As I’ve mentioned before, we didn’t take an annual vacation this year, because we couldn’t justify spending the money when we were trying so hard to get out of debt. The loss of that trip has not gone unnoticed. Ron and I spend a lot of time talking about where we would go if we could, and where we will go as soon as we are able to afford it. The top two contenders at this point are Easter Island in South America, or Santorini in Greece. Easter Island is a bucket list item for both of us – to see those moai in person has to be nothing short of mind blowing. And Santorini, with it’s gorgeous views, food, weather and charm, looks equally sensational. We were discussing the pros and cons of each place, dreaming together, as we often do these days, since we can’t take any action for a while, and part of me started to feel a little depressed as we talked. Even though we’ve made really incredible progress on our debt, we still have a ways to go, and this last dragging part of it feels oddly longer and heavier than when we owed almost eight times as much – probably because after almost a solid year of scrimping and saying no to things, we’re just sick of it. Instead of feeling hopeful, I felt bitter, like the whole thing is a pipe dream because we will NEVER see the end of this debt, so what was the point in even dreaming about going somewhere? So I irritably shut the whole thought of a vacation out of my mind.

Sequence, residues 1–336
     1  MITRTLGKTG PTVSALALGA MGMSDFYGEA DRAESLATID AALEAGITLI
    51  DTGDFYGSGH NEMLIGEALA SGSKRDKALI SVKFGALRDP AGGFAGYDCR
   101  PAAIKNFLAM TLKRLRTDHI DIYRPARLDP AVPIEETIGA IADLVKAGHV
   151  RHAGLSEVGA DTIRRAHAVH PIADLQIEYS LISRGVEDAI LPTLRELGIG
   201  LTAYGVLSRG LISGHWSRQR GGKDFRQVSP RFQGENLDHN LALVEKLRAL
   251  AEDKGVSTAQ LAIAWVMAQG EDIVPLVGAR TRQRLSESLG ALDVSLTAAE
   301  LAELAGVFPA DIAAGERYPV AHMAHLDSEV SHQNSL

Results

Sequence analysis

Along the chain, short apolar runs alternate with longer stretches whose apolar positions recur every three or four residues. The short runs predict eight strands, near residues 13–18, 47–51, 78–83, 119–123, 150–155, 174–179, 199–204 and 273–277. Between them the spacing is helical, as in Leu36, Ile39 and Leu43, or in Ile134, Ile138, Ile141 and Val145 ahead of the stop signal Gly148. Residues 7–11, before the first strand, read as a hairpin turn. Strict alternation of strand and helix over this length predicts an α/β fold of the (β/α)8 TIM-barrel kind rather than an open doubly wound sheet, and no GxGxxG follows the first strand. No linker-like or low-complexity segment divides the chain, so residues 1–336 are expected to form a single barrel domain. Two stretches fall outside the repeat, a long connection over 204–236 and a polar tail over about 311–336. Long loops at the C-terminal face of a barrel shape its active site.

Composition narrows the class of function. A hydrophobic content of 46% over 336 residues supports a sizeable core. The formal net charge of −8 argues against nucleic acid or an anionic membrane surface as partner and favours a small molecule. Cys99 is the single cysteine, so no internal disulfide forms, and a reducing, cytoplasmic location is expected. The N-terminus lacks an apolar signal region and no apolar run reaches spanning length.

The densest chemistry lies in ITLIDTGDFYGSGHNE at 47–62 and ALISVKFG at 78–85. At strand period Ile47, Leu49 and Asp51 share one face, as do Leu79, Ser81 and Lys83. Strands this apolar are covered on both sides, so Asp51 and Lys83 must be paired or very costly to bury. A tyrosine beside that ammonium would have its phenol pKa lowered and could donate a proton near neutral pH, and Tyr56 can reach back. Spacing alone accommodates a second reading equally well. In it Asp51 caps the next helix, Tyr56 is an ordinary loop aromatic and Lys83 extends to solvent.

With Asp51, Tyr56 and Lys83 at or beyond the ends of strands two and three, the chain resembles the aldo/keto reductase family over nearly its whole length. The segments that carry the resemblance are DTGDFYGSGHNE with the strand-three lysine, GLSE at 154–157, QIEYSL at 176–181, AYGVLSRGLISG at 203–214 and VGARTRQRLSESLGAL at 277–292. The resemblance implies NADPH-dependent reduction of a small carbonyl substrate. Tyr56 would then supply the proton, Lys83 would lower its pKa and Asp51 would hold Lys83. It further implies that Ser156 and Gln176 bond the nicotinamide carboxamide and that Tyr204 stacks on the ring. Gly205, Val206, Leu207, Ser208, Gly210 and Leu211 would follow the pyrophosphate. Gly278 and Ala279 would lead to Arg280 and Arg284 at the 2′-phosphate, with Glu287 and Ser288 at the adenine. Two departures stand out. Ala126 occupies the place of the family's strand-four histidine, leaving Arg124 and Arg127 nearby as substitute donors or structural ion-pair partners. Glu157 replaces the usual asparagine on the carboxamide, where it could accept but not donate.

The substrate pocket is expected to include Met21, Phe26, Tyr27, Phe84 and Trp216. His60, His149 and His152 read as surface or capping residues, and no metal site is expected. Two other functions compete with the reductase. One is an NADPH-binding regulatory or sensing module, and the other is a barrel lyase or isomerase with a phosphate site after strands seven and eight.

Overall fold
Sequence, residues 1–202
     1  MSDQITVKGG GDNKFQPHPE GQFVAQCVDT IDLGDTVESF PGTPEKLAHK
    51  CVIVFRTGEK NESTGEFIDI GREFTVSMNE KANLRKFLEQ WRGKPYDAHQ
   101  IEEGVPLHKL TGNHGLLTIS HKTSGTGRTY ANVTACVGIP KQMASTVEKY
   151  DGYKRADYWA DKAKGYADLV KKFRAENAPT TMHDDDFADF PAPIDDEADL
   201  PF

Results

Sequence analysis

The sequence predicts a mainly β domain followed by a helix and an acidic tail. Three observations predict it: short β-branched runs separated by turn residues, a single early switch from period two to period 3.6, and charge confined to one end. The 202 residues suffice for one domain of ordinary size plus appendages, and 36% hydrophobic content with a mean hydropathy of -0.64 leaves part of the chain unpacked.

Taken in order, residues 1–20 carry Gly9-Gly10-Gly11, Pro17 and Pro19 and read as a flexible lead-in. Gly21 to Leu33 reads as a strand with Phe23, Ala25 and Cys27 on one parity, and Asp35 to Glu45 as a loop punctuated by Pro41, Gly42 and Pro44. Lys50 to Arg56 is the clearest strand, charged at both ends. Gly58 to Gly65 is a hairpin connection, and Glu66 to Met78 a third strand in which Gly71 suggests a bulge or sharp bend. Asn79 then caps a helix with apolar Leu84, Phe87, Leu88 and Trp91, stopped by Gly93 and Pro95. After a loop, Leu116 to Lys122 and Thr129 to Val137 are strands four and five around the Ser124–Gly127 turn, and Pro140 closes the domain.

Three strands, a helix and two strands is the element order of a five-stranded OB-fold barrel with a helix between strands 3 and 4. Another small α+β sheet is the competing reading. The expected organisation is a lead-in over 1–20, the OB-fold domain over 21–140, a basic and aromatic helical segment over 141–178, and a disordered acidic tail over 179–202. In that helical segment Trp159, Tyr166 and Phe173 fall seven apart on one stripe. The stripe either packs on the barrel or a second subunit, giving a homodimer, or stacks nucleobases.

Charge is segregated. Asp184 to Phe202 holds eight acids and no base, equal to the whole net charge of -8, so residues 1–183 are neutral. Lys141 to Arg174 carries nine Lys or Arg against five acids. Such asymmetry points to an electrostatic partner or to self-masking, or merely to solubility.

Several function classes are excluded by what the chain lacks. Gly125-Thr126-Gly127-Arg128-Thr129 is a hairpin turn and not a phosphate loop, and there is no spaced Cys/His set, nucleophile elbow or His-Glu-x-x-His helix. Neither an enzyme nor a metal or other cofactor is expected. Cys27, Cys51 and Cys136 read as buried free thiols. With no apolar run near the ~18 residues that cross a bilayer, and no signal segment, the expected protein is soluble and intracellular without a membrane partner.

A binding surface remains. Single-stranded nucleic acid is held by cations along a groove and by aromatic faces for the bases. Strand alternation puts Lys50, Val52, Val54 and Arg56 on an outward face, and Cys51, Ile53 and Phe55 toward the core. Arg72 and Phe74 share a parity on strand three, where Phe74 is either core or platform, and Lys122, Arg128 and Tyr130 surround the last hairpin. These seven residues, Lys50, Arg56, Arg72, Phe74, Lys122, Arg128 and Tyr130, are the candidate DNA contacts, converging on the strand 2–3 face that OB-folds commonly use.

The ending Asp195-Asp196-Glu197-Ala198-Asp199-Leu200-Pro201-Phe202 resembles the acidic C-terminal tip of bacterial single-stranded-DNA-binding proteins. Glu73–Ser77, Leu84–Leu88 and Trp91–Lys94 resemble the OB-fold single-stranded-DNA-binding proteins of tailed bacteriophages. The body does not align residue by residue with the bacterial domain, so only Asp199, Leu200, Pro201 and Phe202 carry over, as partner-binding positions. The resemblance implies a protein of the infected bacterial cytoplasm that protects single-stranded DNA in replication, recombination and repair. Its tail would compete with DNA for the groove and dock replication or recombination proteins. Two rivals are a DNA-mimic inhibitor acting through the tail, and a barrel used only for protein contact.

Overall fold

The next day however, I opened the mailbox, and was greeted by the sight of this catalogue:
Once again, well played, Universe. Of all the places in the world the catalogue could have been themed around, it was Satnorini? It seemed oddly coincidental. I even wondered if it was a sign of some kind – like that’s the place we should indeed go. Whether it’s a sign or not, I’m choosing to take it as one, to remind me that even when life feels like a grind, it’s important to keep hoping and dreaming.